Categories
Life Technology

Step-Focused Life

I came to a realization recently – ironically while walking my dog – that ever since I got my first FitBit a few years back, I’ve been leading a very step-focused life.  And if I’m being honest with myself, this is why my creative drive has taken a steep dive these last 4-5 years.  Let me explain.   

The FitBit – and by extension, most health-focused smart watches (such as my Gear S3 or Samsung’s latest offerings in the Galaxy Watch / Galaxy Watch Active) – have as their main feature a step count.  They’ve branched out to include heart rate monitoring and other fun stuff, but the main draw is that these are smart devices that track your steps in a better way than those simple pedometers.   

At the basic level, most of these devices try to encourage you to reach 10,000 steps (even though that’s an arbitrary number and there are probably better numbers to reach; but that’s not important right now) every day.  On top of that, in both the FitBit and Samsung software ecosystems at least, there are communities where you can add friends and join challenges (most of the time the challenges are to earn the most steps, but there are other kinds as well).  I would say that the goal is to get the wearers more active in general.   

This is overall great for me; I do feel motivated to move more and be more active.  I wouldn’t say that I was a complete couch potato prior to putting on a FitBit, but this is the point I’m getting at; I’ve found that my main driving force every day seems to be “put the watch on to make sure I capture all my steps – I need to get my steps!”  This extends to make it important enough to wear my watch at night.  Tracking sleep is useful, sure, but the truth is I’m more worried about catching those steps between the bed and the bathroom in the middle of the night.   

I used to read a lot more often during the week at work.  Now, I go for a walk more often than not (unless the weather is particularly bad).  Especially if I see a low step total by lunch time (anything less than 3000 is cause for an extra walk), I feel the need to take a short 20 minute walk around the block.  I’m not complaining entirely; I mean, it’s usually nice to get out of the office and enjoy the fresh air, even in the winter.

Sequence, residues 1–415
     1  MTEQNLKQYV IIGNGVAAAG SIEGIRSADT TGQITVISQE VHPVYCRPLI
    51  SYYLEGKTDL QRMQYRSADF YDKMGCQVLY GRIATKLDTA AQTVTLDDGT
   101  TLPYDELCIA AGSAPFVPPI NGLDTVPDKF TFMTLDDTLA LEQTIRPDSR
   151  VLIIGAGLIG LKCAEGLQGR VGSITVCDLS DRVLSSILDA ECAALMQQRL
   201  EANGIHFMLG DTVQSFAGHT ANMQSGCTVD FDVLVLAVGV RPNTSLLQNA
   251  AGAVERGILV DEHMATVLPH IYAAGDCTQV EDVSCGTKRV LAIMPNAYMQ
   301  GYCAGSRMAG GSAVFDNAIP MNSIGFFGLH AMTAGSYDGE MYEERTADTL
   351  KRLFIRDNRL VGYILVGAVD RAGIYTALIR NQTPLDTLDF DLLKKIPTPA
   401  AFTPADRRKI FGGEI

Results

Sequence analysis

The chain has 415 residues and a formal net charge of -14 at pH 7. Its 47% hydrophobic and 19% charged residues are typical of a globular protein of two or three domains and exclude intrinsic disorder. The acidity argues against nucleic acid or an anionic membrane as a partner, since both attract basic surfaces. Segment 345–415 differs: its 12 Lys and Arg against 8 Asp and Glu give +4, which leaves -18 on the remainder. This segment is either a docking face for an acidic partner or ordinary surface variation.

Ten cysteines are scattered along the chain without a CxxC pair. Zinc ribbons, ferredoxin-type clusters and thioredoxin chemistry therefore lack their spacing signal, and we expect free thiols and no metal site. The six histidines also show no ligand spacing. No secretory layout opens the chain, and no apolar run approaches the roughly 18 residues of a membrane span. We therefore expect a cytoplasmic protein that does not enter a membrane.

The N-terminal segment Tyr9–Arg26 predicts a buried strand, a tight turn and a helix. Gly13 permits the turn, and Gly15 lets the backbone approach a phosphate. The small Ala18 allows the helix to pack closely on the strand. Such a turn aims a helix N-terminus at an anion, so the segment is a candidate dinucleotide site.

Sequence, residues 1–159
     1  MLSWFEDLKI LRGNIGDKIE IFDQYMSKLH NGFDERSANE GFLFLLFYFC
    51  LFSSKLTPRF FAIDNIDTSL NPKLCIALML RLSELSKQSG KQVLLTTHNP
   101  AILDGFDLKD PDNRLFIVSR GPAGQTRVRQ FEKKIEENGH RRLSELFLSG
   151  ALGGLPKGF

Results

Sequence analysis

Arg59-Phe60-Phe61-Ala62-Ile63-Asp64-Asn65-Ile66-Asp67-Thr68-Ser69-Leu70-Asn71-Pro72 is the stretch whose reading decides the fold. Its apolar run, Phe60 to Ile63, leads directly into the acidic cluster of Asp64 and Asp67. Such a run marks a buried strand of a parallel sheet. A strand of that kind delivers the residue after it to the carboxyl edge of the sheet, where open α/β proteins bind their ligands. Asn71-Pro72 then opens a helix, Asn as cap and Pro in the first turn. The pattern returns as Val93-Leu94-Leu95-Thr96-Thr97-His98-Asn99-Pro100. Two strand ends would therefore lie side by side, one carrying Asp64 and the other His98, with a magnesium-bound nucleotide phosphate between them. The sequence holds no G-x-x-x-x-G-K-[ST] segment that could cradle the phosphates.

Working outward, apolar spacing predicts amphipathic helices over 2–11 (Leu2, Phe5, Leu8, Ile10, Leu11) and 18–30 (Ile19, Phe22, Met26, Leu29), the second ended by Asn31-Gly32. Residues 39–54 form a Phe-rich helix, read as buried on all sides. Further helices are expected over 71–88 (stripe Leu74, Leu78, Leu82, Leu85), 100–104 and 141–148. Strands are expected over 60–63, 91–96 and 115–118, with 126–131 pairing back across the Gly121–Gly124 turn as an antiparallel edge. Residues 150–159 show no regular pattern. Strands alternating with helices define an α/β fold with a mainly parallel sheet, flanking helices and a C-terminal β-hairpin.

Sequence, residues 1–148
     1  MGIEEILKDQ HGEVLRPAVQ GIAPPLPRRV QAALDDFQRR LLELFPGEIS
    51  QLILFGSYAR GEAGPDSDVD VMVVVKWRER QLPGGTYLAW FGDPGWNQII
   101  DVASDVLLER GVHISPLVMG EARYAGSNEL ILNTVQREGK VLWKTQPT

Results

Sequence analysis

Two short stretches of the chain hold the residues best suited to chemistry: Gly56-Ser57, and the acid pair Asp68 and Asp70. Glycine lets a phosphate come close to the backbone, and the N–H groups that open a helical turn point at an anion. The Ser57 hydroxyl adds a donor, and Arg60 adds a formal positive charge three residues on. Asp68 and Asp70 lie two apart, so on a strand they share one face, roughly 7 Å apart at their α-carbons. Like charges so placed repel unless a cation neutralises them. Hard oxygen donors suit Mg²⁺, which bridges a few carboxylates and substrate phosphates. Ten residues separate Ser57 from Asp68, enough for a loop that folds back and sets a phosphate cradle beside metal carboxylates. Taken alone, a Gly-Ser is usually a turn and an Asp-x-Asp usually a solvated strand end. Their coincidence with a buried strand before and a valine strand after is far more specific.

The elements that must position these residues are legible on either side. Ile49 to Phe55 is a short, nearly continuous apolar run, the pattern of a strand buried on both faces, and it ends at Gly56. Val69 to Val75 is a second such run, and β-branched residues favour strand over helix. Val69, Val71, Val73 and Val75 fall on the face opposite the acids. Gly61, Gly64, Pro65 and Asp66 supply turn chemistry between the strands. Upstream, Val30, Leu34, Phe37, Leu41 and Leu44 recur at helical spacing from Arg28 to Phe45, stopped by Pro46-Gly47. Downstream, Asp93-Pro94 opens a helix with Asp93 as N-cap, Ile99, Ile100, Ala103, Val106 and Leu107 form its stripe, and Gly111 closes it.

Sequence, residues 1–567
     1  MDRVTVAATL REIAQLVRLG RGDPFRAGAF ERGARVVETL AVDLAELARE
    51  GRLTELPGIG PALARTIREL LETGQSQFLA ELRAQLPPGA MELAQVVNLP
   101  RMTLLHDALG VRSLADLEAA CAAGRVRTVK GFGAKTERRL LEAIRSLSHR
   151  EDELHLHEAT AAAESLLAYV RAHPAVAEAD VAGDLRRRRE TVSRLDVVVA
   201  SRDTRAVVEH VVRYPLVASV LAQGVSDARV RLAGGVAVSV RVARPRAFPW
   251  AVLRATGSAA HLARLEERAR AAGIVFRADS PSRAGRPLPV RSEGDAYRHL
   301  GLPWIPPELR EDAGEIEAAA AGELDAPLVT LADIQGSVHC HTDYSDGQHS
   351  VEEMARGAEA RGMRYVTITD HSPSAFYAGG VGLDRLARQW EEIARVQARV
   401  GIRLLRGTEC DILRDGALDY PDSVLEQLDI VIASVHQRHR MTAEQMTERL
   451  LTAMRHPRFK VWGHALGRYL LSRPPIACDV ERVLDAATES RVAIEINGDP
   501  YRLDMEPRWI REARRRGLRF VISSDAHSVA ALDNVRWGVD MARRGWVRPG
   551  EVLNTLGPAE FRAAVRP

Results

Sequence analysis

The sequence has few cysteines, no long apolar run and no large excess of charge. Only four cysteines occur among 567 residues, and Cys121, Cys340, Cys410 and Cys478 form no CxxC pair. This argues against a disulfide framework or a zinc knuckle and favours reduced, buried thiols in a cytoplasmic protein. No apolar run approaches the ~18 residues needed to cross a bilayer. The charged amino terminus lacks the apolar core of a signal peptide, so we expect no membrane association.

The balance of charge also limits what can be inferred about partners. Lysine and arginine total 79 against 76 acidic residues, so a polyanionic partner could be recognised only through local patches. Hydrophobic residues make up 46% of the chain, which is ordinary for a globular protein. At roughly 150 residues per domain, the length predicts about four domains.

But I think it’s also leaving me frustrated creatively.  Why don’t I take some time to read or create something instead of going out at lunch?  Sometimes I try to do both, but it doesn’t always work out.  More importantly what I’m trying to do is let go of my attachment to my smart watch.  Oh I’ll wear it every day, but I’m trying to be less worried about my step totals.  Perhaps one way around that might be to find a watch face that doesn’t put my steps right in my face.   

I’m also going to be lowering my daily step goal.  Right now it’s set at 10690 or something to that effect.  I’m not going to lower it to something ridiculously low like 2000, but I think I’ll be able to find a sweet spot that allows me to hit it consistently (although not necessarily every day, to keep it something I can work toward).   

I feel like this kind of change will help steer me away from being worried about making sure I have enough steps during the day.  That’s the first change here.  The next step to increasing my creativity is probably unrelated to this, so I won’t get into it (plus, I don’t know what that is right now). 

Categories
Technology

The Microsoft Surface 3

Surface 3

Why am I writing this here?  I honestly can’t tell you what compelled me to start writing about this tablet that I’ve had for maybe…a year and a half?  A tablet that I bought second-hand, without fully realizing what it was that I bought.